I've blogged before about the true threat doctrine, which limits the types of threats that the government can punish. To summarize, the true threat doctrine holds that a threat can only be punished if it is intended to be taken seriously as a threat (the subjective test) or if a reasonable person would interpret it as a serious threat (the objective test).
This week California provides what appears to be an example.
Over the weekend, media across the country — hungry for shooting-related news — picked up the story of a 24-year-old California man named Kyle Bangayan arrested on suspicion of making threats to schools on Facebook. Here's how the Los Angeles Times described it:
The LAPD said the alleged threat did not specify a particular school but did refer to a deadly shooting in Newtown, Conn., on Friday in which a gunman killed 20 children and six adults. The alleged threat referred to "kindergarten and elementary school kids," sources said.
LAPD chief Charlie Beck said Bangayan's alleged posting included "very specific threats and clear and present ability to carry out those threats."
Chief Beck's reference to Kyle Bangayan's ability probably refers to the fact that he was arrested at his parents' house, where numerous guns were found.
Yet despite Chief Beck's claim that the suspect made "very specific threats," on Monday the Los Angeles County District Attorney's Office declined to file charges. Media reports suggest that the DA's written declination was premised on the notion that the suspect did not threaten a specific school or individual: “There is no reference to threatening actions toward any specific victim or school, which is required in the elements of the … statute.” But I suspect that's incomplete. Subsequent media reports shed a little more light on what the suspect said:
While Bangayan had referenced the massacre in Connecticut, he apparently made no specific threat against a school or person.
He told police that he was joking when he wrote on Facebook that if people don't stop posting about the Sandy Hook Elementary School shootings on the social network, then he would do the same thing in Los Angeles.
He also wrote that thousands of children die in other countries and that Americans needed to get over the shootings.
Saying that we should get over tragedies because people die all over all the time might be a pungent expression of opinion, but it isn't a threat, let alone a true threat. The other statement — that Kyle Bangayan would shoot up schools himself if people didn't stop posting about it — could potentially be a true threat, I suppose. California, following most federal courts, requires proof that a threat is objectively true — that is, that a reasonable person would interpret it as a sincere threat to do harm — even when the statute also requires subjective intent to be taken seriously. California's threat statute reads as follows:
Any person who willfully threatens to commit a crime which will result in death or great bodily injury to another person, with the specific intent that the statement, made verbally, in writing, or by means of an electronic communication device, is to be taken as a threat, even if there is no intent of actually carrying it out, which, on its face and under the circumstances in which it is made, is so unequivocal, unconditional, immediate, and specific as to convey to the person threatened, a gravity of purpose and an immediate prospect of execution of the threat, and thereby causes that person reasonably to be in sustained fear for his or her own safety or for his or her immediate family's safety, shall be punished by imprisonment in the county jail not to exceed one year, or by imprisonment in the state prison.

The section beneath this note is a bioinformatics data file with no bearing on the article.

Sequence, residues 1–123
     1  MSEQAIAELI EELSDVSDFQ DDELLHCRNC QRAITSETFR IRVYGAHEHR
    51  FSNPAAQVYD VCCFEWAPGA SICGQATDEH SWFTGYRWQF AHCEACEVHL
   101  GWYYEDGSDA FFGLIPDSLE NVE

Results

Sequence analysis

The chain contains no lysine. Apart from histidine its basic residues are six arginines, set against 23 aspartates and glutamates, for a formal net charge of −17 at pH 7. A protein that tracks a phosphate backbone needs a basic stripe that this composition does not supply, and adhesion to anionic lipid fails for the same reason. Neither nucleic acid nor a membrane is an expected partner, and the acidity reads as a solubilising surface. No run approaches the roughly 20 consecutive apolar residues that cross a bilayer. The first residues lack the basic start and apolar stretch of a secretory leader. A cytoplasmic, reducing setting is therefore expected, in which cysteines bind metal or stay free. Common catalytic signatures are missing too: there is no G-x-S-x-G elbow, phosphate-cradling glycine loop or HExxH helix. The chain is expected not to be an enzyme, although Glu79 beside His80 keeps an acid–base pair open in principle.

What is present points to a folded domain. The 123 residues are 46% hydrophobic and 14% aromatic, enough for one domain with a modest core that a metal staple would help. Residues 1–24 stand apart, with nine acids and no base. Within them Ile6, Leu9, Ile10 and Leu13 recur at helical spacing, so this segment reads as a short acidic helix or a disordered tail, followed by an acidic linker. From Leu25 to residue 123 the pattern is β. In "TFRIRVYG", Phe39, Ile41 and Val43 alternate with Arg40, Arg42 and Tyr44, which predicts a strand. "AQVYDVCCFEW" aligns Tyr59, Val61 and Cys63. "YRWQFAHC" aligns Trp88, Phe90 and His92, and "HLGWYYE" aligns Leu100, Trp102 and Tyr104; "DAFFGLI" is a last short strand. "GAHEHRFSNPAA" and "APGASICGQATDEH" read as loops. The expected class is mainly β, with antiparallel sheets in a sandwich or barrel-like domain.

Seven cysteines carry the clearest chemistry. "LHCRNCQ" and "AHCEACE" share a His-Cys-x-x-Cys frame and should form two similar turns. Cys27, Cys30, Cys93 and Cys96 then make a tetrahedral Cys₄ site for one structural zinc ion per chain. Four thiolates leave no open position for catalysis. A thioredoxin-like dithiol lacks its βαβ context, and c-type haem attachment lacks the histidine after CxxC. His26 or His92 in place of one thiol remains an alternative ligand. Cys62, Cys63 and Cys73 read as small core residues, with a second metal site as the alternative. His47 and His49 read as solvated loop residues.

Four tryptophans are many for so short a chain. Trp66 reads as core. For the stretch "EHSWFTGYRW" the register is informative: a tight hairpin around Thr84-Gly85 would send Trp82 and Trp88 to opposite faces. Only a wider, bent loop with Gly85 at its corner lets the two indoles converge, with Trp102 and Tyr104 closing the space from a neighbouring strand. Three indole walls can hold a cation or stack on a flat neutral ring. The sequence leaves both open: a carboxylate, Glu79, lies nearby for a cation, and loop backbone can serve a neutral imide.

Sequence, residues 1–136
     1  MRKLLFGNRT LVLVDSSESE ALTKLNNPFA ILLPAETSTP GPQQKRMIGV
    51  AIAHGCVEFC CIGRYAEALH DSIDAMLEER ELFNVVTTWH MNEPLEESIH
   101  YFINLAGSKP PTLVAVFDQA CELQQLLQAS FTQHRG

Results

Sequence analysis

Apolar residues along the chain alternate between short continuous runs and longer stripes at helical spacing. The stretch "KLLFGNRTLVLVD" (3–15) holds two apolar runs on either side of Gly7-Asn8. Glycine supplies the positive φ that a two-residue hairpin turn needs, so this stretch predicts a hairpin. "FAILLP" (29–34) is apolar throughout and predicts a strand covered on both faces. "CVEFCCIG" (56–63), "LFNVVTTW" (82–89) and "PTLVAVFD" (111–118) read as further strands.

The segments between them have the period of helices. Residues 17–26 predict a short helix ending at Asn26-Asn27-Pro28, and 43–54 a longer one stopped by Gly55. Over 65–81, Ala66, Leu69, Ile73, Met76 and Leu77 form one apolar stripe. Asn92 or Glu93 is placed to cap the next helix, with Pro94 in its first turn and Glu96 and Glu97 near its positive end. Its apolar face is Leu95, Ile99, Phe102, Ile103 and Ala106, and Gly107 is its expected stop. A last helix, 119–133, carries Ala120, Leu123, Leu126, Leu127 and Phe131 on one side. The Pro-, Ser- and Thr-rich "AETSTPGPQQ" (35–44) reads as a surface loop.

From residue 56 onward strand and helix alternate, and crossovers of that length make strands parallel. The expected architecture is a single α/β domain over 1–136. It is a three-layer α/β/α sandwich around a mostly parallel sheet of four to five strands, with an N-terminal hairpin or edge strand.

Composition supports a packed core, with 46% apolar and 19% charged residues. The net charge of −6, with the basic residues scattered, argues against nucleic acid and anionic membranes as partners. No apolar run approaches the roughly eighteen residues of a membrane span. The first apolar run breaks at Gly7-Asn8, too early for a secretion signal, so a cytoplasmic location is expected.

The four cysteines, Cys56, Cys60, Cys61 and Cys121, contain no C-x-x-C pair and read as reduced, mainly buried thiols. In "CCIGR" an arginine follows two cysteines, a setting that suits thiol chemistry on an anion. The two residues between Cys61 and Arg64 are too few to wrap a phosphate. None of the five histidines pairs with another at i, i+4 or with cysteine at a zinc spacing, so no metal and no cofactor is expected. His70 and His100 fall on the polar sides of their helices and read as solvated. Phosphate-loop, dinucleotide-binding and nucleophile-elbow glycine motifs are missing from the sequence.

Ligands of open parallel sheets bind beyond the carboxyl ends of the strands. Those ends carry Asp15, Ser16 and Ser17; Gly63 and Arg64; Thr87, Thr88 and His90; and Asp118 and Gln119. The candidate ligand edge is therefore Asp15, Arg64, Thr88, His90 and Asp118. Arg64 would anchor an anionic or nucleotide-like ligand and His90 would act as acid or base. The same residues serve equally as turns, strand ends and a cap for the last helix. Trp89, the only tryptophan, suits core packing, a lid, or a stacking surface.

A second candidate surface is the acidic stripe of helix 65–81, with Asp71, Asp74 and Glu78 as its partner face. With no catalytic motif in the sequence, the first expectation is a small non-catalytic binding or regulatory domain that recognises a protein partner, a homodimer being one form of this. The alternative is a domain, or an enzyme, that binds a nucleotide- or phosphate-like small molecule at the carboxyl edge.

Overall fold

The statute thus specifically incorporates both the subjective and objective tests. The DA's declination, if it is reported correctly, suggests that the problem is that no specific person has been threatened. I'm not sure that's true: if the state could prove that a local teacher or student was put in reasonable fear by the statement, and that Bangayan intended that result (even if he didn't intend to put that specific person in fear), then it appears to be that the elements would be met. The bigger problem for any prosecution is that the circumstances suggest that the threat wasn't intended to be taken seriously, and that it wasn't unequivocal, unconditional, immediate, and specific enough to convey that it should be taken seriously. It other words, however contemptible a statement it was, it wasn't a true threat. It certainly doesn't sound as if the threat lived up to Chief Beck's description of "very specific."
Whatever the DA's genuine reason for the declination, expect a California legislator to offer a bill making it a crime to threaten a school shooting, which, if passed, will make all the little children much safer.
And Kyle Bangayan? I suspect his parents will have serious difficulties getting their guns back, even though they didn't do anything, and even though Bangayan hasn't been charged with anything. He could sue — and he may well do so — but he'd have to show that the police didn't have probable cause to interpret his Facebook comment as a true threat. Given how low the bar is for probable cause, that's probably a long shot. Bangayan has learned that whether or not his words cross the line from protected speech into true threats, practically speaking it's very dangerous to make joking threats when the nation is in angry, fearful, emotional turmoil.
Last 5 posts by Ken White
- Gawker, Money, Speech, And Justice - August 18th, 2016
- Lawsplainer: No, Donald Trump's "Second Amendment" Comment Isn't Criminal - August 9th, 2016
- Why Openness About Mental Illness is Worth The Effort And Discomfort - August 9th, 2016
- A Rare Federal Indictment For Online Threats Against Game Industry - July 28th, 2016
- John Hinckley, Jr. and the Rule of Law - July 27th, 2016